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Overview of Copper Poisoning


Barry R. Blakley

, DVM, PhD, Department of Veterinary Biomedical Sciences, Western College of Veterinary Medicine, University of Saskatchewan

Last full review/revision Sep 2013 | Content last modified Sep 2013

Acute or chronic copper poisoning is encountered in most parts of the world. Sheep are affected most often, although other species are also susceptible. In various breeds of dogs, especially Bedlington Terriers, an inherited sensitivity to copper toxicosis similar to Wilson disease in people has been identified. Chronic copper poisoning has been reported in other breeds of dogs, including Labrador Retrievers, West Highland White Terriers, Skye Terriers, Keeshonds, American Cocker Spaniels, and Doberman Pinschers. Acute poisoning is usually seen after accidental administration of excessive amounts of soluble copper salts, which may be present in anthelmintic drenches, mineral mixes, or improperly formulated rations.

Many factors that alter copper metabolism influence chronic copper poisoning by enhancing the absorption or retention of copper. Low levels of molybdenum or sulfate in the diet are important examples. Primary chronic poisoning is seen most commonly in sheep when excessive amounts of copper are ingested over a prolonged period. The toxicosis remains subclinical until the copper that is stored in the liver is released in massive amounts. Increased liver enzymes may provide an early warning of the pending crisis. Blood copper concentrations increase suddenly, causing lipid peroxidation and intravascular hemolysis. The hemolytic crisis may be precipitated by many factors, including transportation, handling, weather conditions, pregnancy, lactation, strenuous exercise, or a deteriorating plane of nutrition.

Phytogenous and hepatogenous factors influence secondary chronic copper poisoning. Phytogenous chronic poisoning is seen after ingestion of plants, such as subterranean clover (Trifolium subterraneum), that produce a mineral imbalance and result in excessive copper retention. The plants that are not hepatotoxic contain normal amounts of copper and low levels of molybdenum. The ingestion of plants such as Heliotropium europaeum or Senecio spp (see Pyrrolizidine Alkaloidosis) for several months may cause hepatogenous chronic copper poisoning. These plants contain hepatotoxic alkaloids, which result in retention of excessive copper in the liver. In dogs with liver diseases such as chronic active hepatitis (CAH), the primary clinical signs may resemble those of chronic copper poisoning, which can be attributed to the liver damage and subsequent retention of excessive copper; however, it is not clear whether CAH causes the accumulation of copper in the liver or is the result of accumulation.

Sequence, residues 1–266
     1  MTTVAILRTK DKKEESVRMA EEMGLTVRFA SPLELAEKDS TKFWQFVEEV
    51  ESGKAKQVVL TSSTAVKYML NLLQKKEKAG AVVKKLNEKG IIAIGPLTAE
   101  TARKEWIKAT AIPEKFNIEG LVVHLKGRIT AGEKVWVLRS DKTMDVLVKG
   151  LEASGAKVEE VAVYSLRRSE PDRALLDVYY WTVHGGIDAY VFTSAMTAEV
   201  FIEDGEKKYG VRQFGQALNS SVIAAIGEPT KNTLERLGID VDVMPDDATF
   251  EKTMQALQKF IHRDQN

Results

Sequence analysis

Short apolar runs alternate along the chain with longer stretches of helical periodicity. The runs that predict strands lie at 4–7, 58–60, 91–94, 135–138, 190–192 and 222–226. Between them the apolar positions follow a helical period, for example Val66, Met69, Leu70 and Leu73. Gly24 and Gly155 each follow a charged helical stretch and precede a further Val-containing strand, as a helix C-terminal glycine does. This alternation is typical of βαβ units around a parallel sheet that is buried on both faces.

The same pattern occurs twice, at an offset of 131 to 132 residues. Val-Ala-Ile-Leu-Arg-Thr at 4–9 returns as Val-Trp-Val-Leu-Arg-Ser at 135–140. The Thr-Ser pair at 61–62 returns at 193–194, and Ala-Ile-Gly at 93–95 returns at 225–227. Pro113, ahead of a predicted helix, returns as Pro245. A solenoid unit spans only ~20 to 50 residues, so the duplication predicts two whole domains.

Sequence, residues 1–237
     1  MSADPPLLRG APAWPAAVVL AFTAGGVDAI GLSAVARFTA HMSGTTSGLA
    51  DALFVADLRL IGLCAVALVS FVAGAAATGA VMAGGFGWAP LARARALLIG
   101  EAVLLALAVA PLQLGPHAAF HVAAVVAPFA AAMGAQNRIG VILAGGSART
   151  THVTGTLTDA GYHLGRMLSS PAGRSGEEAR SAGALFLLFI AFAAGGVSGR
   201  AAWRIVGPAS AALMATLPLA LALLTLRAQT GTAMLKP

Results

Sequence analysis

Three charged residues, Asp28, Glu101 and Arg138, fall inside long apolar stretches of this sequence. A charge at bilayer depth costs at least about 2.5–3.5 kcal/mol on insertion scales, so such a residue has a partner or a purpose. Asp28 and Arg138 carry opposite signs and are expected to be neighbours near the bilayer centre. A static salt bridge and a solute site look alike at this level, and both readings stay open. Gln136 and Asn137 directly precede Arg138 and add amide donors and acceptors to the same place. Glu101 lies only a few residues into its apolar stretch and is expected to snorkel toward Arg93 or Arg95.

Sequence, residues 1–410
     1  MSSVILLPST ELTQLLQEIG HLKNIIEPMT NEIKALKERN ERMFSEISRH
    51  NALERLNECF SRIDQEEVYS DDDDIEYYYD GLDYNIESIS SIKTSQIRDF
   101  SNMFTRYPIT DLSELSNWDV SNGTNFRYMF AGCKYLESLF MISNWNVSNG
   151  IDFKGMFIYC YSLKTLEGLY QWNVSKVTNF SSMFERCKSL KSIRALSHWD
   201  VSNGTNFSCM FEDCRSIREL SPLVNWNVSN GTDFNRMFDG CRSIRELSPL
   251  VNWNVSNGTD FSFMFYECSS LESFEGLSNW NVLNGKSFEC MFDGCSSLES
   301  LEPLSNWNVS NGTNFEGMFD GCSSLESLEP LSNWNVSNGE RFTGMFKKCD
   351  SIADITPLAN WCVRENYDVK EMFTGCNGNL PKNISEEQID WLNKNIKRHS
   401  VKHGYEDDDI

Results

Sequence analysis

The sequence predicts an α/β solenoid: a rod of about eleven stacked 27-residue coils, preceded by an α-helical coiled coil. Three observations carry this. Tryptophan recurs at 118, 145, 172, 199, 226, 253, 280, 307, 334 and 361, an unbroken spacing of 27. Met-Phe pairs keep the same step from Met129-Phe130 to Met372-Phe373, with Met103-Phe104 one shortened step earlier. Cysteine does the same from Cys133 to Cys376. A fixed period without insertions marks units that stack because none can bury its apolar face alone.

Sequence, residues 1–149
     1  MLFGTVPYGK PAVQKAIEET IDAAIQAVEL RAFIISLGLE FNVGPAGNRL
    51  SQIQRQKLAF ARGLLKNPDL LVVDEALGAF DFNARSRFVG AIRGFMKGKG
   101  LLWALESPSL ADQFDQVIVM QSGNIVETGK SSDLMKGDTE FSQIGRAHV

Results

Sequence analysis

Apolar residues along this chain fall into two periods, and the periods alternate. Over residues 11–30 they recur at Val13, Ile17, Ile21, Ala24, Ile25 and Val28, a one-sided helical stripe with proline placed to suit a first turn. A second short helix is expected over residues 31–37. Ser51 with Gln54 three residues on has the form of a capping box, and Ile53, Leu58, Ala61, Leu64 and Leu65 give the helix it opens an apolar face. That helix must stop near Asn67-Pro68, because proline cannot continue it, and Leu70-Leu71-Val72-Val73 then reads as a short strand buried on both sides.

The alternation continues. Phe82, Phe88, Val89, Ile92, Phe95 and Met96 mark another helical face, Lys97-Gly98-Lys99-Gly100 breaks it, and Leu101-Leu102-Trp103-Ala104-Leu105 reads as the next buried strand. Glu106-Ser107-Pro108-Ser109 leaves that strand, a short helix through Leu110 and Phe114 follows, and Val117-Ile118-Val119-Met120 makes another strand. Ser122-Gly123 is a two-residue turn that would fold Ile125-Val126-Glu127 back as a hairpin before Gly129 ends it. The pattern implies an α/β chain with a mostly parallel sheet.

Acute poisoning may follow intakes of 20–100 mg of copper/kg in sheep and young calves and of 200–800 mg/kg in mature cattle. Chronic poisoning of sheep may occur with daily intakes of 3.5 mg of copper/kg when grazing pastures that contain 15–20 ppm (dry matter) of copper and low levels of molybdenum. Clinical disease may occur in sheep or camelid species that ingest cattle rations, which normally contain higher levels of copper, or when their water is supplied via copper plumbing; cattle and goats are more resistant to copper poisoning than sheep and thus are not affected in these instances. Species-specific diets with respect to copper are recommended to minimize the occurrence of chronic copper poisoning. Breed differences related to the suceptibility to chronic copper poisoning have been reported in sheep and goats. Young calves or sheep injected with soluble forms of copper may develop acute clinical signs of toxicity without evidence of a hemolytic crisis. Copper is used as a feed additive for pigs at 125–250 ppm; levels >250 ppm are dangerous—although as for sheep, other factors may be protective, eg, high levels of protein, zinc, or iron. Chronic copper toxicosis is more likely to occur with low dietary intake of molybdenum and sulfur. Reduced formation of copper molybdate or copper sulfide complexes in tissues impairs the excretion of copper in urine or feces.

Clinical Findings: